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OP0080 Risk of autism spectrum disorder in children born to mothers with systemic lupus erythematosus and rheumatoid arthritis in taiwan
  1. P-H Tsai,
  2. C-F Kuo,
  3. L-H Huang,
  4. S-F Luo
  1. Division of Rheumatology, Allergy and Immunology, Chang Gung Memorial Hospital, Taoyuan, Taiwan, Province of China

Abstract

Background There is emerging evidence suggesting that offspring born to patients with rheumatic diseases has higher risk of neuropsychiatric diseases. Previous data from Quebec showed children born to women with SLE have an increased risk of autism spectrum disorder (ASD) but data regarding risk of ASD in offspring of mothers with systemic lupus erythematosus (SLE) or rheumatoid arthritis (RA) mothers have not been reported in other population.

Objectives We aimed to examine whether offspring of mothers with SLE and RA in Taiwan has a higher risk of developing ASD using data from a linkage between National Health Insurance (NHI) database and National Birth Registry in Taiwan.

Methods We established a birth cohort of all live-births between 2001 and 2012 in Taiwan established using the National Health Insurance database and the National Birth Registry. Children born to mothers with SLE or RA were identified and matched up to 8 controls by maternal age, 1-minute Apgar score, 5-minute Apgar score, mode of delivery, sex of child, gestational age, birth weight, socioeconomic status (place of residence, income level, occupation). A marginal Cox proportional hazard models were used to estimate the relative risk (RR; 95% confidence interval [CI]) for ASD in newborns with affected mothers.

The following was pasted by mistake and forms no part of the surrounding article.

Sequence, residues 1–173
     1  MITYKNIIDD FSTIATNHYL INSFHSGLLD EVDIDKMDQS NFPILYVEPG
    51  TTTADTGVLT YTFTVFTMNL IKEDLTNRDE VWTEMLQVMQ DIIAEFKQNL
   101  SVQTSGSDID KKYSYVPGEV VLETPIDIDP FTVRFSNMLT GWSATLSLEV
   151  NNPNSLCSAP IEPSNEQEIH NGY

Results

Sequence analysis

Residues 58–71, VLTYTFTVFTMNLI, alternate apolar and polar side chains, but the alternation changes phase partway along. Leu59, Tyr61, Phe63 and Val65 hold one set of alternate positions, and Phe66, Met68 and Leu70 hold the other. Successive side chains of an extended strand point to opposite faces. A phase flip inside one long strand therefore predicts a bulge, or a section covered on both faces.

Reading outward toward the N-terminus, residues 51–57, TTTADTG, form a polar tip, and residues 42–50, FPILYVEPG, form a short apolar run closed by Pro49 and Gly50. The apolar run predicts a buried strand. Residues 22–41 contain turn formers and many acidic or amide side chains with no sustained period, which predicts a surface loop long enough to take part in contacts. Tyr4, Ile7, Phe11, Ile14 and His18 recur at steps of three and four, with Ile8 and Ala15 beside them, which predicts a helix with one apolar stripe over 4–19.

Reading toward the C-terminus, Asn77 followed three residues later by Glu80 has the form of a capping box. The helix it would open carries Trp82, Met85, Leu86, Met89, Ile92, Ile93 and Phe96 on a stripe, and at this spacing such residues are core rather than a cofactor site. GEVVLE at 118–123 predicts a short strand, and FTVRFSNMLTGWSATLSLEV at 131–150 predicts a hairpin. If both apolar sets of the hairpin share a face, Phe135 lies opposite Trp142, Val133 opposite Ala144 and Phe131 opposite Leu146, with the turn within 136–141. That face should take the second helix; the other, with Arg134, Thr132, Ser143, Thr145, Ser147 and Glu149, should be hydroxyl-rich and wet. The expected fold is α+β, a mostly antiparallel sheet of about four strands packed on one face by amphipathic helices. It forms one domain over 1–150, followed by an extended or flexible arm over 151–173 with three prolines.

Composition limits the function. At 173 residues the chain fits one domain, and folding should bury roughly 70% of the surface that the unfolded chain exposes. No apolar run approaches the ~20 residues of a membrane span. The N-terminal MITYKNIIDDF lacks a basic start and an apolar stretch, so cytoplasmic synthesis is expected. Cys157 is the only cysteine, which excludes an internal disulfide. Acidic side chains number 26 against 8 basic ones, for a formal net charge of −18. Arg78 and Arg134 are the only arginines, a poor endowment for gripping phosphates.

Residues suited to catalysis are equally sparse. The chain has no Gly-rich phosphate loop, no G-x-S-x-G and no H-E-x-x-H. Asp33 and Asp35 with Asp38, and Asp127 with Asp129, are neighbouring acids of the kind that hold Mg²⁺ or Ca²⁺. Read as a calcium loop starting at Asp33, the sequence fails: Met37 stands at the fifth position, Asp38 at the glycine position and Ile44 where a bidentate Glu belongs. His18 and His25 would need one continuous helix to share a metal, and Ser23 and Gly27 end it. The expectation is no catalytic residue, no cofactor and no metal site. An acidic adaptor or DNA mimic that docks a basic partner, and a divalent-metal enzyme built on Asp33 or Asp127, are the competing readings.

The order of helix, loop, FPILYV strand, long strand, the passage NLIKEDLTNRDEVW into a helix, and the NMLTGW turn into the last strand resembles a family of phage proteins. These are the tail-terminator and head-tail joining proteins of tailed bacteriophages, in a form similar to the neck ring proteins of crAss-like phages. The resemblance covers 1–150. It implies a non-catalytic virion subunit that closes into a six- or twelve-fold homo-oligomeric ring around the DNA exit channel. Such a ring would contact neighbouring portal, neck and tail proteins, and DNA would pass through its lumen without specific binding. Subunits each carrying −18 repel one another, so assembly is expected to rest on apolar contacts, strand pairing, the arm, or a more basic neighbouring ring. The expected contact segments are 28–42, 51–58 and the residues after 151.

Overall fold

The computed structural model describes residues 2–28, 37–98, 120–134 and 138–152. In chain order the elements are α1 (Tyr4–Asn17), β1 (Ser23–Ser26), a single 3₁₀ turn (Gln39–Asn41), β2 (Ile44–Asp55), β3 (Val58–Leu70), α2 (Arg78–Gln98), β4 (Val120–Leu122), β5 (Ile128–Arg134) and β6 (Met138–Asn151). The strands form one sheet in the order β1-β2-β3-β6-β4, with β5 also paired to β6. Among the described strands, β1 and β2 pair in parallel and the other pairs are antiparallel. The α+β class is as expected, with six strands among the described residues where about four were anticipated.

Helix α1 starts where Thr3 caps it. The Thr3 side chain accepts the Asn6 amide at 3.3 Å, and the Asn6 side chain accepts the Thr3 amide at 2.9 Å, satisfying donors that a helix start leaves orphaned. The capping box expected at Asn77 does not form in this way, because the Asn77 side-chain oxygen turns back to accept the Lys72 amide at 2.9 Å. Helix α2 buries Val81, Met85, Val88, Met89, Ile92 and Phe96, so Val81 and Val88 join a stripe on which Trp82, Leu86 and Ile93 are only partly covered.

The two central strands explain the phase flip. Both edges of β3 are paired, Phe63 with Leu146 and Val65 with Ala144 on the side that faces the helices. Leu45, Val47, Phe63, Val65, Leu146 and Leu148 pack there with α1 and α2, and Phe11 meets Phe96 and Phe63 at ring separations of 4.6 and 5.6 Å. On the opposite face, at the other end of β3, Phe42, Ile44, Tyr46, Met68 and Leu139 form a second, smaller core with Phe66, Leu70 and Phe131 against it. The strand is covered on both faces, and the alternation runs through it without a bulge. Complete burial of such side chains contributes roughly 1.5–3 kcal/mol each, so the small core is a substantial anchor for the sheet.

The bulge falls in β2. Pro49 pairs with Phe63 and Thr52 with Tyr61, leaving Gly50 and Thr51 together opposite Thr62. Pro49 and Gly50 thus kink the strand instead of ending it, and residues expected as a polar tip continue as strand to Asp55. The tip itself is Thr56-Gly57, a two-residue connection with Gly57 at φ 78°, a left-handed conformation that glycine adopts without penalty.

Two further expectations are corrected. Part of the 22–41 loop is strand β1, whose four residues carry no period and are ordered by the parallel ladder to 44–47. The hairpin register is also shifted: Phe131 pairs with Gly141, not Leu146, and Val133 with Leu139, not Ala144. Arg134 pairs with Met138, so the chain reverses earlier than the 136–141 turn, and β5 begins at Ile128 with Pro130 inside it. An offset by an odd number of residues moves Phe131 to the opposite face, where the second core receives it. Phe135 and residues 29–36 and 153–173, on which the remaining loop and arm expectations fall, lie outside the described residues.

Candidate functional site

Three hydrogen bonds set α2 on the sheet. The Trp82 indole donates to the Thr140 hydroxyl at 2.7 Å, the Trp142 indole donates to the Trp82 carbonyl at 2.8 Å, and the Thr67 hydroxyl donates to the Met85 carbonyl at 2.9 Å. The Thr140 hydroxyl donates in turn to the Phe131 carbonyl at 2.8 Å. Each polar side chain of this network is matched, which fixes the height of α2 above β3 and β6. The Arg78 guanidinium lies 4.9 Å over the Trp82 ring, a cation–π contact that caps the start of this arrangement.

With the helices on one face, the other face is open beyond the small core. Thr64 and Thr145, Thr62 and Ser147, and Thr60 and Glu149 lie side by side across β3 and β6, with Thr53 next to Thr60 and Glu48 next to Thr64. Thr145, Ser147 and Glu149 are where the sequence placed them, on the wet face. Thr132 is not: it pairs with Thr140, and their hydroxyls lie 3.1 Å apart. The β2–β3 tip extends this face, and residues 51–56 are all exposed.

Results Of 1,893,244 newborns, 0.08% (n=1,594) were born to mothers with SLE (mean age 30.43±4.37 years old) and 0.04% (n=673) were born to mothers with RA (31.97±4.51 years old). Overall, 5 of 673 (0.74%) RA offspring developed ASD, 7 of 1594 (0.44%) SLE offspring developed ASD and 10,631 of 1,893,244 (0.56%) all infants developed ASD. The incidence of ASD was 140.39 (95% CI, 45.58–327.62) per 100,000 person-years for RA group, 76.19 (95% CI, 30.63–156.97) per 100,000 person-years for SLE group, 89.85 (95% CI, 88.15–91.57) per 100,000 person-years for non-RA group and 89.87 (95% CI, 88.17–91.60) per 100,000 person-years for non-SLE group. The children born to RA and SLE mothers did not have higher risk of ASD with a HR (95% CI) of 1.42 (0.60–3.40) and 0.76 (0.36–1.59) for ASD, respectively.

Conclusions Children born to women with SLE and RA do not have higher risk of developing ASD.

References

  1. Lahita, R.G., Systemic lupus erythematosus: learning disability in the male offspring of female patients and relationship to laterality. Psychoneuroendocrinology, 1988. 13(5): p. 385–96.

  2. Vinet, E., et al., Increased Risk of Autism Spectrum Disorders in Children Born to Women With Systemic Lupus Erythematosus: Results From a Large Population-Based Cohort. Arthritis Rheumatol, 2015. 67(12): p. 3201–8.

References

Disclosure of Interest None declared

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